NRF promotes and invests in the architectural heritage of the Newport community, the traditional building trades, and Doris Duke’s fine and decorative arts collections, for the enjoyment, education and inspiration of all.
As a leader in the preservation of early American architecture, NRF supports research and education in areas directly related to its collections and issues of critical concern to the field of historic preservation.
Visit Doris Duke’s art-filled mansion and enjoy panoramic ocean views from the extensive grounds. Open late March to November.
The Vernon House is a site for expansive story-telling, contemporary dialogue, and preservation trades skill-building.
Newport Restoration Foundation holds one of the largest collections of period architecture owned by a single organization anywhere in the United States.
Celebrate excellence in historic preservation efforts within the City of Newport, Rhode Island.
Live amidst history by renting one of our many historic properties.
The Yellow Room presents a contrast to the English Manorial style of the Great Hall. The Duke family displayed period appropriate art in keeping with the classical design elements of the room.
Doris added her own touches to the Yellow Room—pairing new acquisitions with her parents’ collection. Her additions include the Rococo gilt wood double doors, and the parquet de Versailles floor, which continues into the Music Room. Doris originally installed the 18th-century oak flooring at Shangri La, her Hawaiian home, in 1938, but in 1973, she had it removed and shipped to Newport for installation at Rough Point.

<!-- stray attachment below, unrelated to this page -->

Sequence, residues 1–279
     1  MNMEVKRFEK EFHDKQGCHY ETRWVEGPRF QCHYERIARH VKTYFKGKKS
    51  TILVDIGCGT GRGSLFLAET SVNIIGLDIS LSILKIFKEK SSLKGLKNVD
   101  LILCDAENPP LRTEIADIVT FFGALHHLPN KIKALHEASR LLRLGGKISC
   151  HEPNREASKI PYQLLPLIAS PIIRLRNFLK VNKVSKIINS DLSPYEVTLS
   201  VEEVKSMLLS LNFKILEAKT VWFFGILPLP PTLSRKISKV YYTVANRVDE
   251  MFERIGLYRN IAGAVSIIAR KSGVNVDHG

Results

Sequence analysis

Louis XVI carved, gilded, and polychromed armchair stamped Falconet
Portrait of Thomas Freeman, Jr., Esq. by Hoare
Nymph Attributed to Clodion
Portrait of Charles Oldfield Bowles by Hoppner
Carved and Gilded Rococo Double Doors
Portrait of Lady Fitzroy, nee Mundy by Hoppner
This armchair is part of a set of five pieces purchased by Doris Duke in 1960 that, according to the auction catalogue, came from the collection of the Duchesse de Montmorency at the Chateau of Valencay in the Loire Valley. Made at the beginning of the Louis XVI period, this piece displays some Italian characteristics, but is marked with the name of Falconet, a royal cabinetmaker in Paris. The painted and gilded surfaces are original. The embroidered yellow silk upholstery dates to the late eighteenth or early nineteenth century and is an amazing survival from this period.
This portrait was a purchase of Doris Duke's father from the dealer Knoedler & Co. in New York in November 1924.
Charles Oldfield Bowles (1785-1862) was the son of an amateur painter and musician Oldfield Bowles (1739-1810) of North Aston, Oxfordshire. This was the first of five John Hoppner paintings owned by James B. Duke. He purchased it in 1908 not long after his marriage in 1907 to Nanaline Holt Inman, a widower from Macon, Georgia, who had a son, Walker, of about the same age as the sitter when Hoppner captured his likeness.
This pair of double doors (only one set shown here) and another pair just like them originally adorned the Golden Gallery in the Palazzo Carrega-Cataldi, now the Chamber of Commerce in Genoa. They were purchased in Italy and brought to New York by the architect Stanford White in the 1890s. One pair, now at the Metropolitan Museum of Art (Rogers Fund, 1991.307a, b), stayed with White until his death in 1906. The Rough Point pair were destined for the ballroom of the Fifth Avenue mansion of William C. Whitney, which White was renovating at the time. Doris Duke bought the doors at the sale of the contents of another Newport mansion, Bois Dore, in 1977. Just as they were used in the Whitney Mansion, Duke used the doors in Rough Point as freestanding screens. One thing she changed, however, was the orientation of the hinges, leaving one pair of doors (the pair you see here) misaligned.
Doris Duke’s parents purchased this Hoppner painting in 1923 to add to their collection of other Hoppner portraits (two in this room and two on the Main Staircase).